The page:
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Omicron has completely changed what we thought we knew about COVID-19 — given how quickly it develops in the body, causes symptoms to emerge and infects others — meaning the tools we have to try to contain it are no longer as effective.
The highly contagious variant is now spreading at a rate unlike anything we’ve ever seen before, completely overwhelming our testing capacity and infecting more Canadians than at any other point in the pandemic as hospitalizations reach record highs.
“It’s kind of the difference between a garden hose and a fire hose,” said Michael Osterholm, an epidemiologist and director of the Center for Infectious Disease Research and Policy at the University of Minnesota.
“As bad as Delta was, that was more of a garden hose. This is a fire hose in terms of transmission.”
Omicron has fundamentally changed the virus at almost every level — from the rate at which it spreads, to the time it takes to infect, to the severity of symptoms it causes.
“Thank God we’re where we are,” B.C. Provincial Health Officer Dr. Bonnie Henry said in a phone interview. “If this had been the initial virus that came ripping through before we had people vaccinated, especially older people, I mean it would have been the plague.”
Henry said one of the biggest challenges with Omicron is that the incubation period has become so much shorter — meaning if it took five to seven days for symptoms to emerge with previous variants, it now takes just two or three days for people to get sick.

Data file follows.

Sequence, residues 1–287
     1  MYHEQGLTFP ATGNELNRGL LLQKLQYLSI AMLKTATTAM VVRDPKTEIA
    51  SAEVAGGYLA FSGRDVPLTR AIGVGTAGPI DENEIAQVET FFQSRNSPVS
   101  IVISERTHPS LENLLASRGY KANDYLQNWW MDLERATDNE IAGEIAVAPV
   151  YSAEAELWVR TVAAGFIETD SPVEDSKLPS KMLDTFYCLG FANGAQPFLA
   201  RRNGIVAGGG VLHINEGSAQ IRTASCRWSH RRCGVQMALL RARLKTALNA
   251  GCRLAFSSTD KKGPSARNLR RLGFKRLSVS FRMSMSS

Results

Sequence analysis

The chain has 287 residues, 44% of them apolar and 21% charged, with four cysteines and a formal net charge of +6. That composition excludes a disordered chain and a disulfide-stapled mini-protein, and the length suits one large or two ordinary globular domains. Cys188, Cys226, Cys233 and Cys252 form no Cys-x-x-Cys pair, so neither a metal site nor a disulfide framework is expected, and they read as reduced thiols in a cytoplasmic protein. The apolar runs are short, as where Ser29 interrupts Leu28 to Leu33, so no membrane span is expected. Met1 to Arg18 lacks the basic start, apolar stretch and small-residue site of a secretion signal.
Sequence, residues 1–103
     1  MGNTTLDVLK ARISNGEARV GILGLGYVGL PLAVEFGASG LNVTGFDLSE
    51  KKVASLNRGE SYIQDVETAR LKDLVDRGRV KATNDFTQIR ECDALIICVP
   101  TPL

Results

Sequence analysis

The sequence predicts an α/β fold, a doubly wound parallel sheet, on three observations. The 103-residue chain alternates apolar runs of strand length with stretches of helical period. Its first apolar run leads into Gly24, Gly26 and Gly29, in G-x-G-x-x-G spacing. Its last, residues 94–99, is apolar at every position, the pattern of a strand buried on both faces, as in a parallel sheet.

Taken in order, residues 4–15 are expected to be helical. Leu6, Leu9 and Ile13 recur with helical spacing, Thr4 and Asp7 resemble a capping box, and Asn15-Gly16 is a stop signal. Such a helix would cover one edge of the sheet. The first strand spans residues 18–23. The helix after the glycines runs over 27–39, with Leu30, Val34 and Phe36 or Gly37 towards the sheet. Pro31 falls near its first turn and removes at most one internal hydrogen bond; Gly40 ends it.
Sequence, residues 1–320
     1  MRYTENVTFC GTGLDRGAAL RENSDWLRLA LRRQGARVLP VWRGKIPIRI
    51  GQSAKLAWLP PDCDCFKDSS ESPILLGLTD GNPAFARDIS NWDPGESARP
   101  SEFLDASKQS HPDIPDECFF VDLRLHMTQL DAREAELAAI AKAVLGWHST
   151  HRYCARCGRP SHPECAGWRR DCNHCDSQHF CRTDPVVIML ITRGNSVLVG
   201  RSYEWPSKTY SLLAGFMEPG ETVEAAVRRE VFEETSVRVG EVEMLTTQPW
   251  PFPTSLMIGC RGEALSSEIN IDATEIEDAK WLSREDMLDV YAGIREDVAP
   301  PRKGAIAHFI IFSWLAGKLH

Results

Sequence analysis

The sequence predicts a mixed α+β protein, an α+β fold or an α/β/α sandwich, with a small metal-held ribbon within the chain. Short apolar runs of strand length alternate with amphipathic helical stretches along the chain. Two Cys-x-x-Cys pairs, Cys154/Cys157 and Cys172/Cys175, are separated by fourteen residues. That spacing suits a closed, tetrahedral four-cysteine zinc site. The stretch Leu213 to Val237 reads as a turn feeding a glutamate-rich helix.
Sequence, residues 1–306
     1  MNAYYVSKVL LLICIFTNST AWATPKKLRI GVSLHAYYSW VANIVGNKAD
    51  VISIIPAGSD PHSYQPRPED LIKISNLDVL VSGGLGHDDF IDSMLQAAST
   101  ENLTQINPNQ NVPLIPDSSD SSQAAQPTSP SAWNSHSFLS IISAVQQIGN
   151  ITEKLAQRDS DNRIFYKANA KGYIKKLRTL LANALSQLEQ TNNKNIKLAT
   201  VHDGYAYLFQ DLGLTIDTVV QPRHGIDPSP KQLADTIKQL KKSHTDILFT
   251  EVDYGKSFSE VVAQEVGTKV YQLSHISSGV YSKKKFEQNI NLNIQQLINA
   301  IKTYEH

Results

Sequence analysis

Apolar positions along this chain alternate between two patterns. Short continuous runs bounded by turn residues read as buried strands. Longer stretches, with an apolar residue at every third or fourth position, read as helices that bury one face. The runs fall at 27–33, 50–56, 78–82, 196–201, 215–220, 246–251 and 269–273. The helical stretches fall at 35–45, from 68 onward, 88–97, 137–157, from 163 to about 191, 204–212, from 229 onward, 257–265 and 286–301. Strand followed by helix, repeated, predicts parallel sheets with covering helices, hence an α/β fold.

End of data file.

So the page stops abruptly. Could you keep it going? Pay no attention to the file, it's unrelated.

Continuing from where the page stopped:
“So what that leads to is rapidly explosive outbreaks that are relatively less severe, but when you have that number of people infected, you’re still going to have a strain on your health-care system,” she said.
“It’s not about stopping this, we cannot stop Omicron … but what we can do is slow it down and try and keep it away from those who are most at risk and try to mitigate the impact on hospitals.”
WATCH | Hospital staff levels to drop as Omicron causes hospitalizations surge:
Will strict public health measures work against Omicron?
Canada is responding to the devastating Omicron-driven surge by reimposing strict public health measures — ranging from curfews to the closure of bars, restaurants and gyms, and even delaying the return to school.
But Osterholm, who is also a member of U.S. President Joe Biden’s COVID-19 Advisory Board, co-authored a viewpoint in the journal JAMA this week that argued it’s not possible to eliminate Omicron, saying we need to completely rethink our public health response to it.